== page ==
The graph above from researchers Chris Lawton and Robert Ackrill at The Conversation “shows the proportion of Leave votes for all local authorities in England and Wales (on the vertical axis) against the proportion of residents who stated that they had been born outside the UK in the 2011 census (on the horizontal axis). It shows that high proportions of Leave voters were overwhelmingly more likely to live in areas with very low levels of migration” (italics mine). “Of the 270 districts that had a lower proportion than average of people born outside the UK in 2011,” they continue, “in 229 (85%) the majority vote was for Leave. Of the 78 districts with a higher than average population born outside the UK, only 44% voted Leave.”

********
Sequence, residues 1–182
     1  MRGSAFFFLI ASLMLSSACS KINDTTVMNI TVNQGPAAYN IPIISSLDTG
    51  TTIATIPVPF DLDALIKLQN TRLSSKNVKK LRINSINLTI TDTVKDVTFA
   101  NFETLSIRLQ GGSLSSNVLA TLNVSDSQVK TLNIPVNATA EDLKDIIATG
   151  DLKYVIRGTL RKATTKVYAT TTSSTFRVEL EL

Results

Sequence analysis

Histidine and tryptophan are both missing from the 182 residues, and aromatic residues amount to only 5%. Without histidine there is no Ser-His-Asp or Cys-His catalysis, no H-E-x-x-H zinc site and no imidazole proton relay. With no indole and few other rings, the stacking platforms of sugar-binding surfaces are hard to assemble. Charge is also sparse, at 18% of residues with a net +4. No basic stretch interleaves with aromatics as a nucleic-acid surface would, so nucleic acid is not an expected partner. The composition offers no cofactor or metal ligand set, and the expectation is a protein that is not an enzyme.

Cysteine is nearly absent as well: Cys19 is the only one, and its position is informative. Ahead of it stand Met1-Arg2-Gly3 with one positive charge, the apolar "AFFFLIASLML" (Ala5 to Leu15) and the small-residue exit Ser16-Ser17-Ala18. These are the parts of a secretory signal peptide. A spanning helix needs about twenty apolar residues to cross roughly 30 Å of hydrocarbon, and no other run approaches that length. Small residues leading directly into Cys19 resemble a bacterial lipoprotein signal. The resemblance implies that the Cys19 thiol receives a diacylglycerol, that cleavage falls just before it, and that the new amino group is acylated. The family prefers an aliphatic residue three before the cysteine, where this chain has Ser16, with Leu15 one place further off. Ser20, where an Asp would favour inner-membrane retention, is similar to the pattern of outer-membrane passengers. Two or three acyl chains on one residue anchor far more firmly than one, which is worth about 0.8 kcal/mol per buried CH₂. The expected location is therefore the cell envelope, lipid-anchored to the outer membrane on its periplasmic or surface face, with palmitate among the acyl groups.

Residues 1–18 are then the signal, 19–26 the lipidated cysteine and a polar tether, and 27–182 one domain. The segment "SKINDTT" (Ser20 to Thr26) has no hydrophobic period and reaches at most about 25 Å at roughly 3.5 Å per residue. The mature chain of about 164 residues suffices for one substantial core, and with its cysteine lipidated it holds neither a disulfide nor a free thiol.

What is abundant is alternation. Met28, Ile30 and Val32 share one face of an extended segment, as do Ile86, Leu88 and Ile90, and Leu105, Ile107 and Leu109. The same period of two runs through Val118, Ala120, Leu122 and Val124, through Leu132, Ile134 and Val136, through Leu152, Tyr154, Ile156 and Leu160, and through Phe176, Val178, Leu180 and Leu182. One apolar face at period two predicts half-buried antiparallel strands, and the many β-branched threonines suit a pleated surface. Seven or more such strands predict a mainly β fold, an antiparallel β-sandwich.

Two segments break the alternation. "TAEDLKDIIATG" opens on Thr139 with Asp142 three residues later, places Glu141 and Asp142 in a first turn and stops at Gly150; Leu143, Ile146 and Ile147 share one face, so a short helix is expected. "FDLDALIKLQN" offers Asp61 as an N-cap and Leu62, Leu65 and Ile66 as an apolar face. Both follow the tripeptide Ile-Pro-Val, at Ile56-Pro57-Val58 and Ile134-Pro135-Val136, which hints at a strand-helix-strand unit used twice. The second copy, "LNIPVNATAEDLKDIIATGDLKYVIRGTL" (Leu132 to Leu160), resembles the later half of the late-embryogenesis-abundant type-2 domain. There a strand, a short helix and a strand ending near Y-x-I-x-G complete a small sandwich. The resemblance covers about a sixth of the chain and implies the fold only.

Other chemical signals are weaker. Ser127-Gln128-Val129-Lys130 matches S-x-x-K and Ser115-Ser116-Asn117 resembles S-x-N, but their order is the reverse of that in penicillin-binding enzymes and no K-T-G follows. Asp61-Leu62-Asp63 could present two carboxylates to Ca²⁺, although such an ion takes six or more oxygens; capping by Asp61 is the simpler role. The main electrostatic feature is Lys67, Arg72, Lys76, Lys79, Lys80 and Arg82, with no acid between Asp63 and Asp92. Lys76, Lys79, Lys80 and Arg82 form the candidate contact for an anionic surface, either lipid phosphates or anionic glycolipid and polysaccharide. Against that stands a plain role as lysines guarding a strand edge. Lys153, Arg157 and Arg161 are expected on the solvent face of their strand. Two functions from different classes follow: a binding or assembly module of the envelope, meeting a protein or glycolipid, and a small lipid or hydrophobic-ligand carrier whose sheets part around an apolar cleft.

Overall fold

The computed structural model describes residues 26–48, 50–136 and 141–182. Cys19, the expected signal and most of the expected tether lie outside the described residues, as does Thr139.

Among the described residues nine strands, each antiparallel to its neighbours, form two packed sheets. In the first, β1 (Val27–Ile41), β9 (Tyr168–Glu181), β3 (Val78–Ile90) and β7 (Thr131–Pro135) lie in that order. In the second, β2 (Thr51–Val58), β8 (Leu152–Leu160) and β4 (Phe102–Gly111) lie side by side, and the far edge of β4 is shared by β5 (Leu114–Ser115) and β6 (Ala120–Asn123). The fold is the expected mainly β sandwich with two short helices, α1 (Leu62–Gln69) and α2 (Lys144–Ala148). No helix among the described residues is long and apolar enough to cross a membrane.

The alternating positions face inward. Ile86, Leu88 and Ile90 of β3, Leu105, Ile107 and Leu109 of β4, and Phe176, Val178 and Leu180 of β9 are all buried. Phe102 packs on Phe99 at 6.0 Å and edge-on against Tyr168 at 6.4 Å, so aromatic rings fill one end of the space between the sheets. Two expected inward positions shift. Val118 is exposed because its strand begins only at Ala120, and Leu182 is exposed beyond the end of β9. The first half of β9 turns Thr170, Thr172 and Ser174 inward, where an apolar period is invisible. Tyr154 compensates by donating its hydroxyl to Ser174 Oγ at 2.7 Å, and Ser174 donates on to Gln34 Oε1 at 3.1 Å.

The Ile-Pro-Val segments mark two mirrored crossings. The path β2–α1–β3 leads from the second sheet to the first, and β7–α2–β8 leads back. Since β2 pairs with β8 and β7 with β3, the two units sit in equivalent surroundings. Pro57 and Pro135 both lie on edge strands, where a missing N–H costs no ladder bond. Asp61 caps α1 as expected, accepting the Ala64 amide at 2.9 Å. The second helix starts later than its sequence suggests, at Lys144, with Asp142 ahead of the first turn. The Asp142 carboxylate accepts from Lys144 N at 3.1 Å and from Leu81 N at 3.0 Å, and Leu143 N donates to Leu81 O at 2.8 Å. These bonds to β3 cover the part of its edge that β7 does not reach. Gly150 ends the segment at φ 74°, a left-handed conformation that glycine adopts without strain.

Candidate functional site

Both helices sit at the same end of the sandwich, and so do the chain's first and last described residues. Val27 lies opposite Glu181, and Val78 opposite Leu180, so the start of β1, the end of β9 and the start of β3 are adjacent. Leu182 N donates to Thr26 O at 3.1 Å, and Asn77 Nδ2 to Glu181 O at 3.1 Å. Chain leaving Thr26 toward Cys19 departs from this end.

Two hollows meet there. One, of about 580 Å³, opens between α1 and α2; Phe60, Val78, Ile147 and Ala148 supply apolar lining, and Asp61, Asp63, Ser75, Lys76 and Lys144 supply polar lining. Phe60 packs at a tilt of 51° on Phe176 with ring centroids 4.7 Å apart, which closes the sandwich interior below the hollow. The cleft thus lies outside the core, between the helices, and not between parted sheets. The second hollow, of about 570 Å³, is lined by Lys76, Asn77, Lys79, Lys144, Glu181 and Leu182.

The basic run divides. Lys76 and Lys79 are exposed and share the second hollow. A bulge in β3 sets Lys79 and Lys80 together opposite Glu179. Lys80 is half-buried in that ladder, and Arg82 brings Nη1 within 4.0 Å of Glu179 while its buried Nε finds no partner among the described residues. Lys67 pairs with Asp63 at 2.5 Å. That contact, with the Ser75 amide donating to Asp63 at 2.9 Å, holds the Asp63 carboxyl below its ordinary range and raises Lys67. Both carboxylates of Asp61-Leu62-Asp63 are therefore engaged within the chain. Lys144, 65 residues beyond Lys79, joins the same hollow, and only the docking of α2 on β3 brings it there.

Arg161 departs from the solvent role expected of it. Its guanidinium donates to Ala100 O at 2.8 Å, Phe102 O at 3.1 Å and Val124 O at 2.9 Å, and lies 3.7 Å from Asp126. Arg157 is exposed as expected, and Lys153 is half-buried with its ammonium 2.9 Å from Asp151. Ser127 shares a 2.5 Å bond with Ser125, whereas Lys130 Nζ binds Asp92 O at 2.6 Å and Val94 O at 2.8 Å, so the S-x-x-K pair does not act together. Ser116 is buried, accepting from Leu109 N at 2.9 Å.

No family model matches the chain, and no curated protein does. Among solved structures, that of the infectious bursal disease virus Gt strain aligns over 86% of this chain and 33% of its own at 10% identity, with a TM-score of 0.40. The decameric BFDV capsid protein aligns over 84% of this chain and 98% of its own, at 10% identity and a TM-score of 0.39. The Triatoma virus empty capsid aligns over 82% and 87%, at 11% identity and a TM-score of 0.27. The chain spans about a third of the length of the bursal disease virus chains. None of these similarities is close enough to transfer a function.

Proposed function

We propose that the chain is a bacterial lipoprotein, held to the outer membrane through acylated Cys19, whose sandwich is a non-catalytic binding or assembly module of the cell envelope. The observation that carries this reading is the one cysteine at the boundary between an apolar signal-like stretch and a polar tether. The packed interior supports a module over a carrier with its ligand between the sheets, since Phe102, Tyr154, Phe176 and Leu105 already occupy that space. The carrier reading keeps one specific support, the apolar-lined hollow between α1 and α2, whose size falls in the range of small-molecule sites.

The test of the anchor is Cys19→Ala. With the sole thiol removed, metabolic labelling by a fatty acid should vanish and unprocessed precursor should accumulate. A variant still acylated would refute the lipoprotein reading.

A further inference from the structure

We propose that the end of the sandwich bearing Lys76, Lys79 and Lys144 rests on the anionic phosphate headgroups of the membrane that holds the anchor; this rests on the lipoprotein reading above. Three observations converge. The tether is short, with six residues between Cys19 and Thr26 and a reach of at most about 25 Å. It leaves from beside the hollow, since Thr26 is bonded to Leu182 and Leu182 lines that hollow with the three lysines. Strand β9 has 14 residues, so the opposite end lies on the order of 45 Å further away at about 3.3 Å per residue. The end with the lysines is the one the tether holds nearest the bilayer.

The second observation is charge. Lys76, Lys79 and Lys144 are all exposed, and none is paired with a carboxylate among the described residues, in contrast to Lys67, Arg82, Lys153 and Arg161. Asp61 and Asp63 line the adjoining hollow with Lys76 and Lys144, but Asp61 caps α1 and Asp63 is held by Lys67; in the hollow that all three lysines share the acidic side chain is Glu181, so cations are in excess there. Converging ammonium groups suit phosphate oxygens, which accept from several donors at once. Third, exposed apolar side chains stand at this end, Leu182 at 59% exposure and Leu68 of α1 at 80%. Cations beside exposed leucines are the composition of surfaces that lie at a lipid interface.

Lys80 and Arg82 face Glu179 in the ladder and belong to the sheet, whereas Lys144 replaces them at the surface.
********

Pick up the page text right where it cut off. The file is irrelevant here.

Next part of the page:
This seems to indicate that those with little exposure to immigrants have greater anti-immigration sentiments. However, this isn’t the whole story. Consider the graph below:
As The Economist explains,
Consider the percentage-change in migrant numbers, rather than the total headcount, and the opposite pattern emerges (chart 2). Where foreign-born populations increased by more than 200% between 2001 and 2014, a Leave vote followed in 94% of cases. The proportion of migrants may be relatively low in Leave strongholds such as Boston, in Lincolnshire (where 15.4% of the population are foreign-born). But it has grown precipitously in a short period of time (by 479%, in Boston’s case). High levels of immigration don’t seem to bother Britons; high rates of change do.